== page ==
I had come to Abu Dhabi to see the Grand Mosque and to have a day away from Riyadh, and in neither did my day disappoint.
Sheikh Zayed Bin Sultan Al Nahyan Grand Mosque has 82 domes, more than a thousand columns, can hold 41,000 at prayer, and has the world’s largest hand knotted carpet. Conceived in 1986, construction began in 1996 and it was opened in 2007; pretty ancient by Emirati standards given the astonishing pace of development and change out here. On the outside, the white marble pillars are inlaid with semi-precious stones, on the inside the inlay is all mother of pearl; plants trace their tendrils, leaves, stems and flowers around all. The flowers crawl across the marble surface of the courtyard; they stand proud, growing up around the gateways; they are there in the chandeliers and emblazoned across the walls. Tracking the fauna of the world, the marble flowers change as one moves from north to south through the mosque. The carpet, woven by 1200 Iranian ladies and installed in the mosque as nine pieces then carefully stitched together, is a sea of green bedecked again with flowers. It is an amazing place, richly worked and fabulously decorated. Gaudy perhaps, but still captivating. If it doesn’t quite capture the silence of some mosques and churches, it still reduces the hubbub from its endless flow of visitors to a background murmur.
Qasr Al Hosn (the Palace in the Fort) is Abu Dhabi’s oldest structure: it dates back to the mid-eighteenth century. It has been closed for many many years for a conservation project that seems to be taking far longer than it has any right to do so. But if tourists cannot enter the fort, they can visit a little exhibition that charts the development of Abu Dhabi. There isn’t much charting to do, but once water was found, the Bani Yas tribe made the place their own, built a watchtower (Qasr Al Hosn) and established a settlement that one Royal Navy office described as made from ‘date mats’. The water made the place inhabitable, but it was something else that made it rich: pearls. Before the oil was found, the riches of Arabia were pearls, at least for this part of the world.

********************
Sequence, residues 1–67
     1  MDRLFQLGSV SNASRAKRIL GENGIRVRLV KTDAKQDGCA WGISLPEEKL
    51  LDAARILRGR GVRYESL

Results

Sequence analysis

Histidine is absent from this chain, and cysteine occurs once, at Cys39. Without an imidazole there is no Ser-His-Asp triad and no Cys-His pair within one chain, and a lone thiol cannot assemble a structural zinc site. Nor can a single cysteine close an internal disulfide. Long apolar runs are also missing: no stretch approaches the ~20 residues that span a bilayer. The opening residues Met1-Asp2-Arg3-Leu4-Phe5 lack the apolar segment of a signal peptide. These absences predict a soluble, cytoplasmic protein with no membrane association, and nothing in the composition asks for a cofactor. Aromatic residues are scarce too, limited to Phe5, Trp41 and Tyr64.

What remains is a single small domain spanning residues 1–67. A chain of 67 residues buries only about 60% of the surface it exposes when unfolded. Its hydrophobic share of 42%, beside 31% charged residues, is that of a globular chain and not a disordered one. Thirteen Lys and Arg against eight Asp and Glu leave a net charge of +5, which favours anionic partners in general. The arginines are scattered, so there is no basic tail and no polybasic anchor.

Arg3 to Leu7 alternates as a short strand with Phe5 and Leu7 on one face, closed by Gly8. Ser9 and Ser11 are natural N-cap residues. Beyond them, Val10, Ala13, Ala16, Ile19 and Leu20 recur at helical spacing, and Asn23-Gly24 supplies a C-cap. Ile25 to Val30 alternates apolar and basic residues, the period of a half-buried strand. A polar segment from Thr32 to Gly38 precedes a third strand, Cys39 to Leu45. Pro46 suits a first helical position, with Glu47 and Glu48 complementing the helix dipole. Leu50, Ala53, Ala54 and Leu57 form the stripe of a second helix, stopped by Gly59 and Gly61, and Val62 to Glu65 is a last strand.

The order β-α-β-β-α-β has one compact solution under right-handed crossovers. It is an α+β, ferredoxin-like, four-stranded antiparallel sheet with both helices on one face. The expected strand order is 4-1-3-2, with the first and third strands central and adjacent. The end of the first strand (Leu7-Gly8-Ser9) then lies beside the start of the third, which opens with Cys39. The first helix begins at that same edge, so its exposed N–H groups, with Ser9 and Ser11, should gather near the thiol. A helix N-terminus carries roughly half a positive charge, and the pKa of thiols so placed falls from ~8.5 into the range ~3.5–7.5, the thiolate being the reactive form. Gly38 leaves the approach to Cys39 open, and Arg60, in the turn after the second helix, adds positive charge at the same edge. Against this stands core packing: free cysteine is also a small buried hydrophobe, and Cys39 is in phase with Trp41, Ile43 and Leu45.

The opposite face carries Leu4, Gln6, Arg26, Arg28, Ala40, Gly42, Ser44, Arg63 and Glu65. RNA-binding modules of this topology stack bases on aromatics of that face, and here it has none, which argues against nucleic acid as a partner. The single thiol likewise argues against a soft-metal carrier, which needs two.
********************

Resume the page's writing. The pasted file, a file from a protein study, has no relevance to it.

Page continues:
Grass may grow in the central reservation, but that is likely because of the constant irrigation, not the climate. Abu Dhabi is hot, come a June lunch time. Leaving the museum fully fortified with knowledge of the city’s history, I walked up to the Corniche and then marched along as fine a strip of deserted white sand that I have ever seen. Of course two caveats must follow such a sentence: I haven’t been to the Caribbean and I possess not an ounce of interest in beaches. What I was interested in was lunch, and, true to form, I spent the next forty minutes searching for a restaurant I had read about, without ever actually finding it. When heat, thirst and hunger finally defeated me, the Japanese restaurant I saw across the road fitted the bill perfectly. Unlike the Japanese restaurants I have mistakenly tried in Riyadh, this place was excellent. It also dallied not at all in putting a bottle of cold water in front of me. The tourist brochure I had picked up from the hotel was spot on when it said that it was easy to find good food in Abu Dhabi.
Next came the Marina Mall. When I had asked the concierge at the hotel for a map, she had immediately circled all the shopping centres. Clearly shopping is what is expected of a visitor to the United Arab Emirates. As it happened, I needed a new pair of shoelaces. I had tugged too hard when tying the laces on my trainers a week or so ago and they had parted in my hands. I hadn’t made much progress in finding replacements in Riyadh, so I thought I would put Abu Dhabi to the test. The Marina Mall, the guide book said, had over 400 shops. I naively thought I might find a shoelace seller among them. It wasn’t easy. Most shops seemed perplexed at the idea. Why buy shoelaces? Why not just buy a new pair of trainers? Given the superabundance of high-end cars on the roads (I have never seen so many Rolls-Royces, Bentleys, Porches Maseratis and those horrid Italian Ferraris and Lamborghinis, as I did today) it is possible that the usual UAE shopper has the same attitude.
But as I searched for shoelaces (and in truth, at the eleventh hour, the search was not in vain), I stumbled across something even more exciting. A cinema. Instantly I succumbed. I couldn’t really help myself. I had come to Abu Dhabi to forget myself for a day. I didn’t need to get comatose through booze, nor inject my eyeballs with dodgy chemicals; but a cinema, a couple of hours in the dark watching a film? This was something I couldn’t pass up.
By most yardsticks, today was hardly an exciting day, but rather painful in its mundaneness. But I don’t live by most yardsticks. A visit to a beautiful, world-famous mosque; a walk in forty degree heat along a beach of scorching white sand; a relaxed but delicious lunch; an afternoon ensconced in Dolby surround sound, all in a city as efficient, well-ordered and pleasant as one could hope for: these are the makings of a magical day.
Thank you, Abu Dhabi.